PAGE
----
In 2018, the Intergovernmental Panel on Climate Change issued an urgent plea to world leaders: in order to prevent irreversible damage to the planet, we need to do whatever we can to cap the rise in global temperatures to 1.5 degrees Celcius above pre-industrial levels.
To do see global temperatures surpass that barrier would be environmental suicide, the IPCC said, with extensive droughts and intense bushfire seasons likely to ravage nations like Australia.
Now, as a parched nation endures an unprecedented bushfire crisis, The Bureau of Meteorology has released its 2019 climate summary. The report, released this morning, shows the national mean temperature was 1.52C above the norm.
That means 2019 was officially Australia’s hottest year on record, with unprecedented average mean maximum and minimum temperatures in all states and the Northern Territory.
It was also the nation’s driest year since record-keeping began, with national average rainfall topping out at 277mm. If that’s still a bit abstract, the BoM put it this way: in the years spanning 1961 to 1999, the national average rainfall was 465.2mm.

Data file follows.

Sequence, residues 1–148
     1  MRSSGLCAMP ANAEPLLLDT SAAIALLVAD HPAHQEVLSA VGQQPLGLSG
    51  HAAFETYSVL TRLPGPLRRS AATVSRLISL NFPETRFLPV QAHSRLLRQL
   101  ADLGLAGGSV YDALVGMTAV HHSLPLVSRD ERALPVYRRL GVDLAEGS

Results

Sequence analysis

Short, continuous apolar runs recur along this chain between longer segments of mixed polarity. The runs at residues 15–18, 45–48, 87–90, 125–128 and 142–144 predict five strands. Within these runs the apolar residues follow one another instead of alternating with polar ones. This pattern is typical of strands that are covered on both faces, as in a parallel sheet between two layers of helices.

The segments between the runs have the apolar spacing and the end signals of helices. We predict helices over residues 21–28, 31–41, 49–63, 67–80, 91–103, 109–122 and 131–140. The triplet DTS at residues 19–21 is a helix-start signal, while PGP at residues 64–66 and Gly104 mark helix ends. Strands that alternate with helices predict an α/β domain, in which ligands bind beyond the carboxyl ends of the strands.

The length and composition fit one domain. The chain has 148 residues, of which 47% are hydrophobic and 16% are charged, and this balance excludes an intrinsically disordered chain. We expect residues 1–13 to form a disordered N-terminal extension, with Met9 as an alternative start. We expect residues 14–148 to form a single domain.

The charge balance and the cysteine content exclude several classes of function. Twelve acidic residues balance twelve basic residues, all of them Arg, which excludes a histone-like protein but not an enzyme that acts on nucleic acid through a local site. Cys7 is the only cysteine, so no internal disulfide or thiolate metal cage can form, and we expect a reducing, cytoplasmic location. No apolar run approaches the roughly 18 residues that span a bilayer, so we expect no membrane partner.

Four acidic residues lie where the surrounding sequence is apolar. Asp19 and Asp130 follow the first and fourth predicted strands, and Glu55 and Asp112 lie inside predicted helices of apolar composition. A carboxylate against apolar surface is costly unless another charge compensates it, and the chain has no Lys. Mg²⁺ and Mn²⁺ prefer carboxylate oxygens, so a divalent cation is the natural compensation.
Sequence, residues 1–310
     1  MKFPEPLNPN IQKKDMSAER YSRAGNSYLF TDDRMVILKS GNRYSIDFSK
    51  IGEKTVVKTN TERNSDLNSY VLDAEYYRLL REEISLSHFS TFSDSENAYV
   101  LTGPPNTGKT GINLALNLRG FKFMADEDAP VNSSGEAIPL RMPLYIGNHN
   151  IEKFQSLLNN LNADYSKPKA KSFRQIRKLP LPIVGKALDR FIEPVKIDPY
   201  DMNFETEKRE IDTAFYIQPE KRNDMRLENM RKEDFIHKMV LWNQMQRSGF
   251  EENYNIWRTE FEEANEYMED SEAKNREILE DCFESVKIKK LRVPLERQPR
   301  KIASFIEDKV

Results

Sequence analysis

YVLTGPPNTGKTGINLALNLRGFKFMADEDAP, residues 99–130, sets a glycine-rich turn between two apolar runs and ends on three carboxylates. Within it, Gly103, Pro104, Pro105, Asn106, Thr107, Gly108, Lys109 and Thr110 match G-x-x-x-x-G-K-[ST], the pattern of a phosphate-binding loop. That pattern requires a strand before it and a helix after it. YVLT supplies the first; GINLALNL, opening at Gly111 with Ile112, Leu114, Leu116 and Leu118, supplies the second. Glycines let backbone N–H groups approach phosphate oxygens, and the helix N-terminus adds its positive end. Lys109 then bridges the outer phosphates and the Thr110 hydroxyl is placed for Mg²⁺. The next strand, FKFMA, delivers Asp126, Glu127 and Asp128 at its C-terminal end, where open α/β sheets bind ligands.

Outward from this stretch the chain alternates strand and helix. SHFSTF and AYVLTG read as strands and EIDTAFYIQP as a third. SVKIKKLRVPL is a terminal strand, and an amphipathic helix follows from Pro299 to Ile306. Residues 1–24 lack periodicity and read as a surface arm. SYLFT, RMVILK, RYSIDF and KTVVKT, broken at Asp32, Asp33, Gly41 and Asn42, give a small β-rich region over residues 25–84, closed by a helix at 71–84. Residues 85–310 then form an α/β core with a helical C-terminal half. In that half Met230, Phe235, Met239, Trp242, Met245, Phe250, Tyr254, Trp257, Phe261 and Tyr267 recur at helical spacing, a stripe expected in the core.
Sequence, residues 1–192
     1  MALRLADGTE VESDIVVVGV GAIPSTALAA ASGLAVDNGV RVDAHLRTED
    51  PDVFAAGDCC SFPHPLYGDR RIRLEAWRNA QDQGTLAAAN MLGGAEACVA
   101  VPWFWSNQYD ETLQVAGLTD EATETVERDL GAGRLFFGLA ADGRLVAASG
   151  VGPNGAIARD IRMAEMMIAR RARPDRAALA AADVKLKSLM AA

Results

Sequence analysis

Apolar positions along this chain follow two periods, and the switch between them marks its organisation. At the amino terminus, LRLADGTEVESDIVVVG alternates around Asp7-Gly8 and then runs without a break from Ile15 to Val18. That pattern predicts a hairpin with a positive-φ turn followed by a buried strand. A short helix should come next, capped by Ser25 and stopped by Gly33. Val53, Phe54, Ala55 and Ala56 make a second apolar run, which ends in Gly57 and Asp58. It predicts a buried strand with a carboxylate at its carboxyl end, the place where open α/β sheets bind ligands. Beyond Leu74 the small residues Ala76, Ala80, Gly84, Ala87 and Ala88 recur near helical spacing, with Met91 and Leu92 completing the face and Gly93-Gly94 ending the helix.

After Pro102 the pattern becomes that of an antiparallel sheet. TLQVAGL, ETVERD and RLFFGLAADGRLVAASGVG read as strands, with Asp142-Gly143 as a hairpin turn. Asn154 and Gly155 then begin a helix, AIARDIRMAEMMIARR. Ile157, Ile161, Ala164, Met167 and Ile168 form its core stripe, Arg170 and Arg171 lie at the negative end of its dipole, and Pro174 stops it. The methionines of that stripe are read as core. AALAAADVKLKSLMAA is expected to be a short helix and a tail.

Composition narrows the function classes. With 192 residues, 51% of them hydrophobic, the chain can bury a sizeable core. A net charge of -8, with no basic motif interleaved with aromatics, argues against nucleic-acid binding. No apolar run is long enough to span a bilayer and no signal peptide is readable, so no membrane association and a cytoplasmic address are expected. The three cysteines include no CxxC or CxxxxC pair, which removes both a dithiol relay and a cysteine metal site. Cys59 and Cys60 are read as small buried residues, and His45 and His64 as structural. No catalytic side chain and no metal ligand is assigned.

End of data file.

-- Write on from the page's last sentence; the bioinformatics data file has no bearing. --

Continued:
The Bureau of Meteorology points to trends in oceanic temperatures as a major driver of those adverse conditions, but makes no qualms about the underlying causes of those temperatures.
“The background warming trend can only be explained by human influence on the global climate,” the BoM states.
The report serves as a pretty horrific example of what Australia is likely to face in the future if temperatures continue creeping upwards.
As it stands, we’re sailing towards temperatures between 3C and 5C above pre-industrial levels before the end of the century.
You can read the full report here.Image: Darrian Traynor / Getty Images / Bureau of Meteorology